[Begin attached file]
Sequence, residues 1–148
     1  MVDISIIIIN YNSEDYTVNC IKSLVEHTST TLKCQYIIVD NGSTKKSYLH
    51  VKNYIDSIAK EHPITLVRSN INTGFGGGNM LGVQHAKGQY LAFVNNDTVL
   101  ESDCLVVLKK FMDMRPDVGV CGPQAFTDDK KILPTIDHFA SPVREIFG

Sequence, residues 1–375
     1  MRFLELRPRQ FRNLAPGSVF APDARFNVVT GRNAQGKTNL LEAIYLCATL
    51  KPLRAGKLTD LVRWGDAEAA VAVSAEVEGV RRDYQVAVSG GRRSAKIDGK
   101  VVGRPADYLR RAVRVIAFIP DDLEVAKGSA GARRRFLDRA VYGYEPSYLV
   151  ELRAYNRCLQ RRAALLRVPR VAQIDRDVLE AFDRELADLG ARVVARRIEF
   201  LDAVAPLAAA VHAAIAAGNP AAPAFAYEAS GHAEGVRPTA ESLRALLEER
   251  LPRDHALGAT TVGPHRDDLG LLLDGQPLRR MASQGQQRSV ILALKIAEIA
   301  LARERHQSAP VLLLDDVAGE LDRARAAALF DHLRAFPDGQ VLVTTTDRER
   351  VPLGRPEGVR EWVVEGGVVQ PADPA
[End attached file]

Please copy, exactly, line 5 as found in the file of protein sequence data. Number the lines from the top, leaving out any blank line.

Sequence, residues 1–375